Trandall6’s Blog

Week 9: Semiotics

Posted on: May 15, 2009

Schirato & Yell, “Signs and Meaning”, in Communication and Cultural Literacy, Allen and Unwin, pp. 18-33.


Tim Randall




Hi this week I will be talking about the text “Communication and Cultural Literacy” by Schirato and Yell. The text is discussing the theory of semiology, the discipline of studying signs. The author while admiring the theories of Saussure is proposing some improvements.


The text firstly explains that communication is not controlled by the sender, and that it is interpreted according to context such as the receiver’s perspective on certain issues. It outlines Saussure’s theory of semiology that explains that there is no inherent meaning to a sign, it differs. There are three aspects of signs.

1. Signifier, the written or spoken form e.g. Tree.

2. Signified, what concept is invoked e.g. Concept of Tree, is green has leaves, etc.

3. Sign, the combination of Signifier and Signified.


He believes there is no reason or system between the signifier and what it signifies (it is arbitrary), as such there is no basis for argument to change what a signifier signifies. Therefore Saussure argues that there is an underlaying unchanging system of signs that people use everyday. Moreover these signs do not represent the world rather change the way we look at it as we often consider the signified concept when looking, for instance at a tree.


The author points out numerous problems with this theory. Firstly that a signifier simply signifies another signifier for instance a tree simply signifies the concept of a tree not the essence. I had never considered this and it makes me question where may of my signified concepts come from. Furthermore the belief that all signs are intentional communication is question as, for example you could wear your last clean T shirt not knowing that the print on the front is communicating something to someone. Finally the word may be arbitrary yet it may be aspiring to invoke/promote a certain concept.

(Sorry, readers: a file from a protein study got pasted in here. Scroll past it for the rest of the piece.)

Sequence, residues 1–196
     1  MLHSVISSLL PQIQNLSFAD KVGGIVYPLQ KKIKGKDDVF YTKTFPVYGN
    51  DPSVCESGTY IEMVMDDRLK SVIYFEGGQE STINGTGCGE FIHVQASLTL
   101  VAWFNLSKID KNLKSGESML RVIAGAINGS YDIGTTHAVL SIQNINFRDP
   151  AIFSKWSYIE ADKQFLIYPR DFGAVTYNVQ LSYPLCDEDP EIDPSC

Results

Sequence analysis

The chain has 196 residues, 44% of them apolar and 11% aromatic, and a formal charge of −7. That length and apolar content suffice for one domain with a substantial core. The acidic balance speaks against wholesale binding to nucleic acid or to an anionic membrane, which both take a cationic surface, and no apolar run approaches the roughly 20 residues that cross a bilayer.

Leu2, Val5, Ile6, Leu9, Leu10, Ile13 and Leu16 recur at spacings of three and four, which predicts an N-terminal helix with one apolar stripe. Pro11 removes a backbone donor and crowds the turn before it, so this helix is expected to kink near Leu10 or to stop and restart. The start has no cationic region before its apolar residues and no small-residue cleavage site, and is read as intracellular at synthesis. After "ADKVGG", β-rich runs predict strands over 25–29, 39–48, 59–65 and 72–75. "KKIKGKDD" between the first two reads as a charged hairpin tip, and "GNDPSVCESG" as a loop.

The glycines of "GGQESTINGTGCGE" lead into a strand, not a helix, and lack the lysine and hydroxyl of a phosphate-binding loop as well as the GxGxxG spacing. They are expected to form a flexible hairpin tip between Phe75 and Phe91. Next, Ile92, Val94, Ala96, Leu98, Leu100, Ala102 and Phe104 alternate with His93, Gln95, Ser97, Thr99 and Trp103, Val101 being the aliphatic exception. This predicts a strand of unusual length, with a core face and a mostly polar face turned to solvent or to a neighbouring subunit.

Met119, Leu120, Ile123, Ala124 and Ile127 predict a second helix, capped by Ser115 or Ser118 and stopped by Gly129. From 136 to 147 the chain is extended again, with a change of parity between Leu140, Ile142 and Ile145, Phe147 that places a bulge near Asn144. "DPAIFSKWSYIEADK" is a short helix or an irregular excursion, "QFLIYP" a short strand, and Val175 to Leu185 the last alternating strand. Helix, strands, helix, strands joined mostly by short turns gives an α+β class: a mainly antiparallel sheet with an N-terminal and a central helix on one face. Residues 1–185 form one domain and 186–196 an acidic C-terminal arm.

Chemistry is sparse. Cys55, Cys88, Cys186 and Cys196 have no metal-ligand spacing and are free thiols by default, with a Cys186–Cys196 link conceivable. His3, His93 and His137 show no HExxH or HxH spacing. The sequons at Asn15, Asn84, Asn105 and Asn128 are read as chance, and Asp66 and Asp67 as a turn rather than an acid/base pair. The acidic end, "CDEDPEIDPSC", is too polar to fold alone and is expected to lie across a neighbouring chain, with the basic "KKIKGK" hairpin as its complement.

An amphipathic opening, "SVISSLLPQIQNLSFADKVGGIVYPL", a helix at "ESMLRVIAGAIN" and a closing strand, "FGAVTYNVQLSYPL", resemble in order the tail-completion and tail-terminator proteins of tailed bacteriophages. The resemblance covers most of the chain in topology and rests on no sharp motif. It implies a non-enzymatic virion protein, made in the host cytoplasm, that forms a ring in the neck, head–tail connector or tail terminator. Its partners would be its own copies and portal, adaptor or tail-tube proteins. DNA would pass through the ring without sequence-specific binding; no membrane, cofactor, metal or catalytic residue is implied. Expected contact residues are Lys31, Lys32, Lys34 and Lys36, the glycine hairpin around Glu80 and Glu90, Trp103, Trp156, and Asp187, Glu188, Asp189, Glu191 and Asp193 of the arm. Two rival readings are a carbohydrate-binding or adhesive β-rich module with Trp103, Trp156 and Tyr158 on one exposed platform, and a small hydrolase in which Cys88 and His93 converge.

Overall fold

The belief of Marxist Linguist Volosinov that any symbols meaning is the result of an ideological struggle is raised. The concept that is invoked from the signifier “woman” is used as an example of this. Concepts could be signified of either domestic housewife or adult female with a different role in society. Another example is given, a newspaper article on British colonisation in Australia emphasising a certain signified concept for the word “violence”. These examples raise the important question of where the meaning of symbols is derived from in the majority society, who has this power. Overall I feel the author’s argument is logically consistent and can be witnessed empirically such as the struggle to have derogatory signifiers of social groups lose their power. It is also very relevant for those that study media as it makes us aware that if we communicate to large audiences our words will be interpreted in different ways.


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